No, changing the file name (and potentially removing the KeeeX key details) will not harm the possibility of verifying it. Only system search may be impaired.
When a file is keeexed, or new version is created, do the other users get the document?
No. There is no such notion as ‘the other users’ since KeeeX is essentially a peer to peer exchange system. However you have contacts. A keeexed file can hence be shared intentionally with some contacts. KeeeX might automatically suggest sharing with the users aware of a previous version. However, the author of the previous version will be notified three times: when you verify ‘his’ file, or start, or keeex a new version.
How can we ensure that the person who keeexes a document is who she pretends?
Impersonating a user requires gaining access to his hardware and credentials. This is so in the presence of PKI or certificate based signatures. Most often however in business situations, a document arrives in complement of data and information about its name (e.g. xopuk) from another channel (an email, SMS, phone call etc.). This forms a perfect authentication scheme since a keeex id cannot be counterfeited (it is impossible to produce a document with the same id).
Witnesses of the operation may warrant/dispute the author authenticity by referring to the document in another and sharing this. This may serve as a strong social authenticity scheme over time, even when the document is discovered in the absence of a second authenticating channel as above.
How can a trust relationship emerge between two users about a keeexed document?
Simply by sharing the file idx using a second channel, maybe analogic (like the phone, an SMS, an email, an handwritten letter, etc…) Most often, sharing the first name (or last, or second…) in a keeex id will suffice.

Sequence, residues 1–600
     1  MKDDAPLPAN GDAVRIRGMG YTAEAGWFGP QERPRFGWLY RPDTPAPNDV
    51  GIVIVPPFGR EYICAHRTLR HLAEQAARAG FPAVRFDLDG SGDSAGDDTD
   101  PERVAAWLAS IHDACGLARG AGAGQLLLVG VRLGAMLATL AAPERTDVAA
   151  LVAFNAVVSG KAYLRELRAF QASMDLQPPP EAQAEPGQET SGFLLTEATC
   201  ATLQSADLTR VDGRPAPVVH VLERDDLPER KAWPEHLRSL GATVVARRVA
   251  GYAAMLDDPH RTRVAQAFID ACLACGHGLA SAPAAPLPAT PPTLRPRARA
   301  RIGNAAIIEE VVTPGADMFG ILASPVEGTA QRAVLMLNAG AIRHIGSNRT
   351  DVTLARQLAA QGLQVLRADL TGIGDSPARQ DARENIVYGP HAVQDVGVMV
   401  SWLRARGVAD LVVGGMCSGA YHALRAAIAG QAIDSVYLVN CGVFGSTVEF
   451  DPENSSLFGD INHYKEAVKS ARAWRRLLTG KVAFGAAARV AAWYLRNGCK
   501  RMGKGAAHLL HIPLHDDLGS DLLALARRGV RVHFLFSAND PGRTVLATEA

Does the user session expire in the app?
Currently, the app remembers the user email address when leaving. There is no auto logout nor autolock.
Can you explain your policy concerning the choice of a target folder for edited and keeexed files?
There are two options, available from the settings: the user can opt for the folder where the original currently resides, or a centralized folder (by default ‘KeeeX/signed’ for keeexed documents).
By choosing the latter option, the user may automatically synchronize his important versions on a cloud or backup. Using the former, he will find the files where his originals are.
Why create a new version when keeexing and not replace the original?
This is an important matter. Most editing software (think about your photos) preserve originals from replacement. KeeeX adds metadata inside files, which may be perceived as a potentially harmful operation over a big work. Keeexing an open document may fail, or the editor may reload the file, depending on the OS/Software combination. So we have a uniform safe behavior.
Also KeeeX complements a file’s name by the first fragments of the idx and creates read only documents (since a keeexed file is meant to be never modified of course).
Note that when a new version is keeexed, the app moves the temporary work file to a sub-folder. It also moves the previous version to another sub-folder. Thus preserving apparent order at top level.
Why do you over simplify the semantic notion of a 'concept' to simple references?
Because dealing with references does 90% of the job and is complex enough for the user. Dealing with inheritance hierarchies, types vs references, type inference, is just impossible to use in practice.
So with KeeeX, if something ‘is a car’, referencing the ‘car’ document is enough (and such a concept can be created on the fly). By placing the ‘car’ concept in the search, one will list all the documents referring to ‘car’, which is the expected behavior.
How to collaborate over a document located in a shared folder?
Normally: the sequence of keeexed versions will pile up in the shared folder if this is the selected option. Otherwise, the users must share their versions on a one to one basis.
It is advised to use share folders as sharing tunnels, and preserve local versions on each side. This provides a very safe redundancy backup.